Before you start writing, do some homework on how your choice college handles appeals. Certain colleges may provide online guides on how to submit an effective appeal [source: Simon Fraser University, Georgian College]. Some colleges will even provide you with details as specific as margin size [source: University of Washington]. However, even if a school is not open about its appeal policy, it doesn't mean that appeals are out of the question. A persistent applicant may still be able to persuade an admissions board to review his or her case [source: Clark].

You may be able to find pre-written appeal letters at Web sites such as Docstoc or Pdfdatabase.com. For a fee, the site Letterrep.com says you can task one of its writers with crafting you a tailor-made letter in 24 hours. You may even be tempted to have a close friend or relative write your appeal letter for you.

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However, the ideal appeal letter is a very specific and individualized document. Admissions officers will not only be looking at the content of the letter, but they'll be examining your ability to write clearly and argue your case [source: Beck]. It's one thing to get inspiration or advice from a sample letter, but it's quite another to pass someone else's work off as your own. Your success in college will revolve largely around your ability to express yourself with written words. If one of your first acts as a college student is to cheat, you're probably starting out on the wrong foot.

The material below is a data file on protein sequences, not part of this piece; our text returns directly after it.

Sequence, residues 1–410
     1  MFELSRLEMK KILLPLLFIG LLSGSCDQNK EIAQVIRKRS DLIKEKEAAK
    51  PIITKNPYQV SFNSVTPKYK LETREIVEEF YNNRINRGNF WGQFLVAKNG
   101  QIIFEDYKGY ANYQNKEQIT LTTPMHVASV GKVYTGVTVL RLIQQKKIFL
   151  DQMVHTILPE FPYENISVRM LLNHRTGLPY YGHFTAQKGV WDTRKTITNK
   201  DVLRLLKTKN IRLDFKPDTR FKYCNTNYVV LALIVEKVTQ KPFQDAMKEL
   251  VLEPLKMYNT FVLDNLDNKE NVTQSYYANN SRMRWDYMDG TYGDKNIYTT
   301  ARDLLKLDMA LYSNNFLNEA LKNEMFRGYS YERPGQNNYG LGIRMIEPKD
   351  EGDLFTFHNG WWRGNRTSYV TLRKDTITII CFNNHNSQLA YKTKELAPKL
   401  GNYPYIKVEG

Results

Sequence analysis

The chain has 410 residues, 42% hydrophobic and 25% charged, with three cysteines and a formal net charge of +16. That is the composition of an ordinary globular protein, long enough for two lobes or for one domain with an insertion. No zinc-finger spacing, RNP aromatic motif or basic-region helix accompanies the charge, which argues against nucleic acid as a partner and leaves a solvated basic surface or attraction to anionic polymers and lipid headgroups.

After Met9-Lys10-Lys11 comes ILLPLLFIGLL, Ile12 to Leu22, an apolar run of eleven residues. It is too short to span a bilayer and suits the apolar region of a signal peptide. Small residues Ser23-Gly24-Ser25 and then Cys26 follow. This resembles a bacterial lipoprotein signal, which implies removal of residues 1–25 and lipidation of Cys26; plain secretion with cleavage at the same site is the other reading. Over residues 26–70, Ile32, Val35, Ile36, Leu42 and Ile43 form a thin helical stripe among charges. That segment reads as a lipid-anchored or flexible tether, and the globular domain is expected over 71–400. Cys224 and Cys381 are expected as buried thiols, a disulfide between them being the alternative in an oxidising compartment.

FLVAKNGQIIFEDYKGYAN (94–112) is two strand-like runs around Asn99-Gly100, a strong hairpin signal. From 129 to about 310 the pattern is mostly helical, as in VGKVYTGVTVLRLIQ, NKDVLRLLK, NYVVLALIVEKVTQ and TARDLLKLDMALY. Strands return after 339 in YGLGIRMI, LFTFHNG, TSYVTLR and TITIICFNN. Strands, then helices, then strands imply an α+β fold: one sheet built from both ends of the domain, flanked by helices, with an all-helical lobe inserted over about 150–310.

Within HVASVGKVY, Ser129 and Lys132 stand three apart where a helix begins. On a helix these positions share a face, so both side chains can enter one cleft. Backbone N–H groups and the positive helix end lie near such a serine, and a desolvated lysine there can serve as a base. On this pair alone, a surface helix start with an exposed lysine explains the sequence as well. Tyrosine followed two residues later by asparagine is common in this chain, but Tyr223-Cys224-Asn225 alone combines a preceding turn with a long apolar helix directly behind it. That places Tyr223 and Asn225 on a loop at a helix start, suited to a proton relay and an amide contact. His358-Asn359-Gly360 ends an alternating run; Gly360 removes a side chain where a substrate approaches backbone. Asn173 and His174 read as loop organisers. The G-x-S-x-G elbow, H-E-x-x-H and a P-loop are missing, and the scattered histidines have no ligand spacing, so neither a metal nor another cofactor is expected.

Feel free to ask around for letter-writing advice, but make sure you look in the right places. Don't rely too heavily on online university and essay forums, though they may be able to provide tips on structure and style [source: Essay Forum]. Your high school guidance counselor will be able to suggest changes to an appeal letter, and may even be able to point you to people with better background knowledge on your chosen school [source: Beck].

Still stumped? The University of Ottawa students society offers an easy three-step process for writing academic appeals [source: University of Ottawa]:

  • Reasons. In the first sentence, outline why you're writing the letter. ("This is a letter asking you to reconsider your decision to deny my admission to your institution.")
  • Facts. Present concrete details to support your appeal ("In the past four months I have improved my grade point average by a full percentage point.")
  • Arguments. In this section, explain what the university may have missed in your initial application and argue your case for being a suitable applicant. Don't just disagree with their decision; persuade them that it was mistaken and that they have plenty to gain by taking you on as a student.

Now that you know how to write an appeal, read on to find out what else to include along with it.

Backing Up Your Appeal Letter